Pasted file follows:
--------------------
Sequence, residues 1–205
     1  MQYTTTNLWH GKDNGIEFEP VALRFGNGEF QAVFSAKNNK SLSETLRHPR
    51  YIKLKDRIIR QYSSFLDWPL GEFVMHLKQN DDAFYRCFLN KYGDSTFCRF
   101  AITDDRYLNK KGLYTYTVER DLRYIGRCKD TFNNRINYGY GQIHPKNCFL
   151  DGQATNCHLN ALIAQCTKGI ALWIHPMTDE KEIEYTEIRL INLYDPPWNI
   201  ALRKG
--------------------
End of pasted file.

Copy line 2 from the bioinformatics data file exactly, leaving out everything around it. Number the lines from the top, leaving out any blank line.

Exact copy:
     1  MQYTTTNLWH GKDNGIEFEP VALRFGNGEF QAVFSAKNNK SLSETLRHPR